The Avett Brothers make quite a first impression. I’ve never seen any band—certainly not one at a bluegrass festival—destroy an instrument in their first song. Of a 45-minute set. On a beautiful spring afternoon that was recovering from rain.
But somehow it fit—it was what that moment at Merlefest 2005 needed. As rustic banjos were clawhammered at the nearby Traditional Stage, and as folkies picked, hummed, and hushed on Hillside Stage, this local trio screamed out “Talk on Indolence” with neck veins bulging and the stage plywood shaking from cowboy boots stomping. Stage center, Scott Avett’s left hand held the microphone in a white-knuckle grip while his right hand slapped a beat on a banjo head. The band started then stopped, screamed then sung its harmonies, the words like a rushing mountain stream-of-consciousness: “Distracted by work but I can’t make it stop/ My confidence on/ My confidence off/ I think to myself that I do this a lot/ And the world outside just goes and goes and goes and goes…
No one was surprised when four of said banjo’s strings sprung and strayed around the tuning forks. ‘Americana’ fans of all ages and musical interests were drawn in by the sheer power, volume, and sweat of this first song. It hit your gut. I certainly understood why a number of friends sung the band’s praises, and why even my ex-girlfriend made a point of telling me, “you must hear these guys”—knowing, of course, she’d still, always, have to be right.
Punk rock Americana that is fast, loud, sweaty, screaming, and fearful of no conformity. These are the strengths of The Avett Brothers, a trio from some small North Carolina town. They work hard. They’ve made several records – about six total, individually and as a group – on a small label, building a near-obsessive local following and a regional reputation for unforgettable live show incidents. Their newest record, Four Thieves Gone: The Robbinsville Sessions, opens with “Talk on Indolence” and is poised—like the song itself—to explode the group into un-chartered territory.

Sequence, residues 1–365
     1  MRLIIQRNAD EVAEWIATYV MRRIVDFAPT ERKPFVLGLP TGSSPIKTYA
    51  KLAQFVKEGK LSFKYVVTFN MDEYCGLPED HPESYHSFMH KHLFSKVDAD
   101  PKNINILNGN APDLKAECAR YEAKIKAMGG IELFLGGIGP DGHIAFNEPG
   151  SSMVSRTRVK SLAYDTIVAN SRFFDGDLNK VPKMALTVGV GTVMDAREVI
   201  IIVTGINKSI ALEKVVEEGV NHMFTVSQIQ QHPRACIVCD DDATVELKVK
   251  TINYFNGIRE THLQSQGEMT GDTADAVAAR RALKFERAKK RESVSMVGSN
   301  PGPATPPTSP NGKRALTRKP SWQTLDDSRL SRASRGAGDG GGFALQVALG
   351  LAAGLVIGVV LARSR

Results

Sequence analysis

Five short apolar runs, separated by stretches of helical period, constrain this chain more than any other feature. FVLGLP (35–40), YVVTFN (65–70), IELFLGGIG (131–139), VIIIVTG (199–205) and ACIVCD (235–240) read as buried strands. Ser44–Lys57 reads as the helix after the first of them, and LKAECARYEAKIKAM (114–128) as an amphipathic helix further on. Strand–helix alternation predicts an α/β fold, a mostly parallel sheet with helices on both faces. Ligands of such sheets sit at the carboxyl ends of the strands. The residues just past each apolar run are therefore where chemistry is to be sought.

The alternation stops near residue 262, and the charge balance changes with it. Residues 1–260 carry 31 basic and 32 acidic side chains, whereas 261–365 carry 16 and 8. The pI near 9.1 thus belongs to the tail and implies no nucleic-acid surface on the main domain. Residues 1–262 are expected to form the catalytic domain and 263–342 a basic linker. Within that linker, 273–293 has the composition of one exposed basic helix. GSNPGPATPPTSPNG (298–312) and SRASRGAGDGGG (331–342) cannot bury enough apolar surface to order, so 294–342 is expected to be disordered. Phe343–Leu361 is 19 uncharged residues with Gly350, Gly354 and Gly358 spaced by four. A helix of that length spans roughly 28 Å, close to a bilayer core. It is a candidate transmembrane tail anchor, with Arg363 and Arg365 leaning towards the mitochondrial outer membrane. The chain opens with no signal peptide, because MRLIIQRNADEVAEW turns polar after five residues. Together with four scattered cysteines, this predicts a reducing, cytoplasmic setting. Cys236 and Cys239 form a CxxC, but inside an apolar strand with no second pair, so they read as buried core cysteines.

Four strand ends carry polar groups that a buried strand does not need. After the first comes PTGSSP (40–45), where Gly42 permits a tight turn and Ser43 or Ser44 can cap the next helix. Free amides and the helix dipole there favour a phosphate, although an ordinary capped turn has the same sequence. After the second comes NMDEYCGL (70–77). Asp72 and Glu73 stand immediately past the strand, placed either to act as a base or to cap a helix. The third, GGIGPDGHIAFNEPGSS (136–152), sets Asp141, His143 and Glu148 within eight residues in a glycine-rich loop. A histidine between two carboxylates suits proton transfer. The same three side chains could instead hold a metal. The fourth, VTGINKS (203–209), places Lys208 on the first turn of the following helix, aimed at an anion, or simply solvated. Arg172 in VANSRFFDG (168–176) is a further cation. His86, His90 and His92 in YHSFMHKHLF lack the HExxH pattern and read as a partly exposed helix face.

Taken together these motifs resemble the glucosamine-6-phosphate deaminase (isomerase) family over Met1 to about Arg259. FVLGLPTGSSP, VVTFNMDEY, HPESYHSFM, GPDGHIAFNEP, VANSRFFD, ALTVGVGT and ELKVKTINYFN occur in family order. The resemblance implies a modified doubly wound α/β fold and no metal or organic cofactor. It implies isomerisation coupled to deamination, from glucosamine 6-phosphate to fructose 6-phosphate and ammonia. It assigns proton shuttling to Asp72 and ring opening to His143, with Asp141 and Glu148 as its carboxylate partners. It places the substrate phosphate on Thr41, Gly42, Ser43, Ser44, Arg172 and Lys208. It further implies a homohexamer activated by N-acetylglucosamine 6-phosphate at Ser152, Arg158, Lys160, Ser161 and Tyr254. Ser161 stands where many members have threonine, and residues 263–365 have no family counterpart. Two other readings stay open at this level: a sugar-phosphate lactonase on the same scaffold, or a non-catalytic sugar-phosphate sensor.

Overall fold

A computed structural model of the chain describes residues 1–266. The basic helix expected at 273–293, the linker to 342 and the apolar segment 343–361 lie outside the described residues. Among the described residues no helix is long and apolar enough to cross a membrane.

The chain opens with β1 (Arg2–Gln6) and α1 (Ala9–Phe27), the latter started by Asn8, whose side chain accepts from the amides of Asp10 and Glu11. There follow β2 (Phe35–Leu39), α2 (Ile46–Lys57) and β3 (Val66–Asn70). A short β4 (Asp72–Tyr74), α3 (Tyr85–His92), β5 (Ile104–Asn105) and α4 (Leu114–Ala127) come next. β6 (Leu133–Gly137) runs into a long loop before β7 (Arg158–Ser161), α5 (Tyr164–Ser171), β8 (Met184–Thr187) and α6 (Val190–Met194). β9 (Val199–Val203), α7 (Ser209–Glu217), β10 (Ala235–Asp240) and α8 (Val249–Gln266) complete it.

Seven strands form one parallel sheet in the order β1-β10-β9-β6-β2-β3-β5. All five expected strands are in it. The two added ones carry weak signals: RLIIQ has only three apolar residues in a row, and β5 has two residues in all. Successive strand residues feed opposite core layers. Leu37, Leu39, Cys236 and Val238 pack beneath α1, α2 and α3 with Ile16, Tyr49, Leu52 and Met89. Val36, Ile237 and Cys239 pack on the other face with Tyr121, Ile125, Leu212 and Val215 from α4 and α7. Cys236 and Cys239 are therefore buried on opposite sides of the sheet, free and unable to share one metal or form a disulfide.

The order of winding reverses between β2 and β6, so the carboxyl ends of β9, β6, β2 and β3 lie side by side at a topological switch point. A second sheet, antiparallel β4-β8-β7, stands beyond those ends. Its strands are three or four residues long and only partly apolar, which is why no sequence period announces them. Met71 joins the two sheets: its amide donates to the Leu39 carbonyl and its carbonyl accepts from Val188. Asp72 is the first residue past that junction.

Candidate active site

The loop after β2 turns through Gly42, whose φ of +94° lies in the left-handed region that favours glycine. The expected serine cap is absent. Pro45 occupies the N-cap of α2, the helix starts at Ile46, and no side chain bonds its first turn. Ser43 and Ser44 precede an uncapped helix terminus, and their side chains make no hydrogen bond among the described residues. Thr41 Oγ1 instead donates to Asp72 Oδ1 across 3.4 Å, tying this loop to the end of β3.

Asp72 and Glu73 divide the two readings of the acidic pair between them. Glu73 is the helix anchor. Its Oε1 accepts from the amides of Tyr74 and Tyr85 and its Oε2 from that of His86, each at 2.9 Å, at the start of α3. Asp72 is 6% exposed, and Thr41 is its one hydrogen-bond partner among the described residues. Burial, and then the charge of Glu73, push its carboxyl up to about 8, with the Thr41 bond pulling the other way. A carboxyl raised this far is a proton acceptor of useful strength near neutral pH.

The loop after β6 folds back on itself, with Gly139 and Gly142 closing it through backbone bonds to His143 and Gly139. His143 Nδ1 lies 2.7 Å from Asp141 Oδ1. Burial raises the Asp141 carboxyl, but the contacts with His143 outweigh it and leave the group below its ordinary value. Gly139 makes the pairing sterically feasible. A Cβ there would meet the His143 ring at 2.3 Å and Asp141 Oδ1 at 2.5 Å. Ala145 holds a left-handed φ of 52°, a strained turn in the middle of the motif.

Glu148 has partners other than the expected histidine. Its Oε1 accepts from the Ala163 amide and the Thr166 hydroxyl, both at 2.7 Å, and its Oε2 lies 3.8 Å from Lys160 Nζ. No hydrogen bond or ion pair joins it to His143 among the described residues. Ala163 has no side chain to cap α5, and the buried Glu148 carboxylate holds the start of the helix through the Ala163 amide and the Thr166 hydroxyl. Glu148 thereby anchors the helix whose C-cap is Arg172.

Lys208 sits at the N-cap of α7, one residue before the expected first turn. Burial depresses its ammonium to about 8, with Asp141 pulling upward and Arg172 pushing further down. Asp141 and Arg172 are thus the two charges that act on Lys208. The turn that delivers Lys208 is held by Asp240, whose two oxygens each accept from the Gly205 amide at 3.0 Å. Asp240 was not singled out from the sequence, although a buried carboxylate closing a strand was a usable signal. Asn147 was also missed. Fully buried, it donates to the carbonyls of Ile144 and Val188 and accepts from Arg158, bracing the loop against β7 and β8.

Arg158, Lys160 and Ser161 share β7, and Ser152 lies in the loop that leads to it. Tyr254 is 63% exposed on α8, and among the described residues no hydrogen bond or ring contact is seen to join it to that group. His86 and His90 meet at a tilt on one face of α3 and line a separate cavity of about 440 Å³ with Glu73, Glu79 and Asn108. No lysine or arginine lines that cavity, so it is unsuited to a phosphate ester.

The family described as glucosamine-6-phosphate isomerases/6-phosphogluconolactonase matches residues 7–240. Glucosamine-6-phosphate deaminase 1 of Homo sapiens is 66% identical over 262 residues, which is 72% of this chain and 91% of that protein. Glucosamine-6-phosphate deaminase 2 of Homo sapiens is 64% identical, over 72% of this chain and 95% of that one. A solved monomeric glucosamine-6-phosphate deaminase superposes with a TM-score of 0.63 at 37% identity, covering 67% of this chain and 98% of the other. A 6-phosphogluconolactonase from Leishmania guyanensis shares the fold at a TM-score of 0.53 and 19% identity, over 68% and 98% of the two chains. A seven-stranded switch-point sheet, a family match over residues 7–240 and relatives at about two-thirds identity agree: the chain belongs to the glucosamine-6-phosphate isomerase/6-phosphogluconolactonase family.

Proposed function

Exposure? On the band’s MySpace page, you’ll find hometown friends bragging about buying Four Thieves Gone off the shelves of Greenville, North Carolina, chain stores. Country Music Television’s web site has a blurb feature, and the band recently guested on National Public Radio’s World Café. Pollstar put them on their cover. BR5-49 is bringing them on tour. Indeed, in the post-show glow, Four Thieves Gone will sell many units at the merch table.
This attention is deserved. However—unfortunately, sadly, regrettably—this record isn’t indicative of The Avett Brothers’ best work. It doesn’t capture the strength of their live shows—but neither did the recent release Live, Vol. 2, which mostly only captured the room in which it was recorded and the screaming passion for which local crowds follow these fellas. This new record will, however, get more exposure than any of their previous records, including 2004’s much stronger Mignonette. Sing-songish, skittering, percussive, gritty, resonant, playful, jaunty, joyous—these are the adjectives that best describe the band’s highlights from past albums. But they rarely apply to Four Thieves Gone.
The Avett Brothers care enough about their music to place technical proficiency in the backseat, while letting impassioned strumming, off-key singing and off-mic screaming drive home just what they mean. But, to me, these strengths are better embodied in their mid- to up-tempo songs—and Four Thieves Gone is weighted down by slowness and drawn-out harmonies. This is a band that excels when it colors outside of the lines, and it is their previous albums and live shows that best showcase their bright and fast Crayola scribbling. Their intensity just isn’t as prominent on the blue—and yet not blue- sy—tinted songs that predominate this release.
On Four Thieves Gone, the rapture of the first track is followed by a mellow piano ballad, “Pretty Girl from Feltre”—creating an effect as drastic as leaving a New Year’s Eve party to attend a midnight funeral. In fact, the album’s overall sequencing is poor, and the next 45 minutes bring 17 total songs that never build to a consistent pace. “Matrimony” has all of the excitement of the opener, including some well-placed hand-claps, but suffers from the lame and distracting rhyme of “hand/man/can.” Simple can be good, simplistic can be bad.
The best and brightest songs on the album are the heavily strummed ones with ramshackle harmonies, like “Talk on Indolence” and two buried at the end, “Gimmieakiss” and “November Blue Denounced (Uneasy Writer).” In fact, my ultimate wish for the Avetts is found within the first words of another album highlight, “Colorshow”: “Be loud / Let your colors show…”
Four Thieves Gone doesn’t present the colorful spectrum of The Avett Brothers’ strengths, and the highlights are too few and far between for me to wholly recommend this release. Perhaps this album review is actually a disguised recommendation to see them live. Ultimately, I guess my ex is right, after all: “you must hear these guys.” And I hope your first impression involves some heavily strummed—if not broken—banjo strings.